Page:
The community has little sympathy for mass murderers, serial killers or anyone convicted of a very serious crime against another person.
Presumably, this is why the Sentence Administration Amendment (Multiple Murders) Act 2018 passed through the WA state parliament earlier this month without any substantial opposition and was supported by victims’ families.
When proclaimed, the new legislation will allow WA’s attorney-general to instruct the Prisoners Review Board to suspend the assessment, consideration or reporting for parole (or a re-socialisation program) for certain mass murderers and serial killers for up to six years at a time.
Previously, these orders only lasted three years, which meant prisoners denied parole were entitled to have their cases reviewed every three years.
This change affects six prisoners.
The attorney-general will also be able to make multiple instructions, which may mean he or she can order an offender will never be released. This decision is not subject to legal review except in exceptional circumstances.
The primary intention of this law is to reduce the trauma suffered by survivors and secondary victims of such crimes.
It fulfills an election commitment made in 2017 by the incoming McGowan Labor government.
Don’t these offenders deserve to die in jail?
Under WA law, a person convicted of murder and given a life sentence must be given a minimum term of 10 or 15 years, depending on the circumstances of the offence. Alternatively, the court may order the offender never be released on parole in certain circumstances. It’s easy to imagine that mass murderers and serial killers might warrant such a sentence.
However, where a life sentence for murder has been imposed and a minimum sentence served, it is the governor (usually acting on the advice of the attorney-general and the Prisoners Review Board) who has the ultimate power to parole a prisoner.
It appears that minimum sentences were set before the new legislation came into force for these six offenders, some for 30 years.
This arrangement is a hangover from when capital punishment was abolished in WA in 1984. Previously, the executive (that is, the political arm of government) made the final decision about whether the person would be executed. After abolition, the executive retained the power to decide which murderers would be released on parole. This system is unique to WA.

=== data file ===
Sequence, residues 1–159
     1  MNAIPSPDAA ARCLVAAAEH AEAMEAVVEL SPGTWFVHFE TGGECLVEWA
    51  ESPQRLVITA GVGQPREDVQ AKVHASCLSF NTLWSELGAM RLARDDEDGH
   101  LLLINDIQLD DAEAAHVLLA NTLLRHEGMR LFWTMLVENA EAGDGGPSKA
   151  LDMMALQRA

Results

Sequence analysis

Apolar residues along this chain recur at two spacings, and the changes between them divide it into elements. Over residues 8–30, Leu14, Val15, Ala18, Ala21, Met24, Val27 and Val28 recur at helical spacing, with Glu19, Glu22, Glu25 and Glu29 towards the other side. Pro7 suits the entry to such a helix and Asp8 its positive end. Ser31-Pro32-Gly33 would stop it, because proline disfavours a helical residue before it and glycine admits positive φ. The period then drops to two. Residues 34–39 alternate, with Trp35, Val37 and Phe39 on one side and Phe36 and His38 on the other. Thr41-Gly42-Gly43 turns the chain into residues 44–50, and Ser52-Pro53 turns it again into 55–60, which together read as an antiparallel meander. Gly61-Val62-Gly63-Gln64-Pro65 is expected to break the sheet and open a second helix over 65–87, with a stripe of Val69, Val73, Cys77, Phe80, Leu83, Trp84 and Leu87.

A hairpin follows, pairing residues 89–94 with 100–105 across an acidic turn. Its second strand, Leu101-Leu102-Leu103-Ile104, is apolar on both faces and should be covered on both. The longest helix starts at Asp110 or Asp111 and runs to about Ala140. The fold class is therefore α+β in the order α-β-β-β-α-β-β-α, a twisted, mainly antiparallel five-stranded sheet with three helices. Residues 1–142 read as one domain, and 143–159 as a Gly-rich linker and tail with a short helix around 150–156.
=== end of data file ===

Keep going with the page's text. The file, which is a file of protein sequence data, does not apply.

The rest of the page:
Who decides when someone’s released?
The difficulties with these changes to the law do not lie with the idea that mass murderers should never be released, but who decides if this should be the case.
Under the current law, it is the courts that can decide that “life means life”. This is an appropriate role for the judiciary. And it is appropriate for parliaments to make laws in relation to maximum sentences and parole generally.
However, it is not appropriate for politicians to make decisions about a specific person’s liberty, as they may be influenced by electoral or populist considerations rather than the merits of the individual case.
In the 1980s, most jurisdictions removed or limited the powers of attorneys-general to prosecute cases and gave this power to independent directors of public prosecutions.
In the same way, establishing independent parole boards from the 1950s, often chaired by retired or serving judicial officers, was designed to separate decisions about a person’s liberty from political influence.
As the debates in the WA parliament reveal, the political temptations are great. Why a delay of six years and not nine or 12? Why only serial killers and mass murderers? And how many victims are required to qualify? Why not paedophiles or child murderers or murderers of one victim?
The answer lies in the broad notion of the separation of powers: politicians make the law, the judiciary applies it and the executive carries out their decisions.
However, governments increasingly have shown a reluctance to trust courts or parole boards as the final decision-makers on sentencing and release powers, and have eroded their authority.
The Victorian parliament has legislated to effectively deny mass murderer Julian Knight and police killers the possibility of release on parole and many jurisdictions have introduced “no body, no parole” laws.
In WA, none of the six people subject to these new extended powers has been released after being considered by the Prisoners Review Board. This suggests the system was working effectively without the need for legislative reform.
It is understandable that victims should not be re-traumatised each time an offender is being considered for release, no matter how remote that possibility. And it is reasonable for the community to expect the most serious punishment for heinous crimes.
But it is also reasonable for citizens to expect that decisions about their liberty should be in the hands of impartial and independent bodies. This is what the “rule of law” should mean.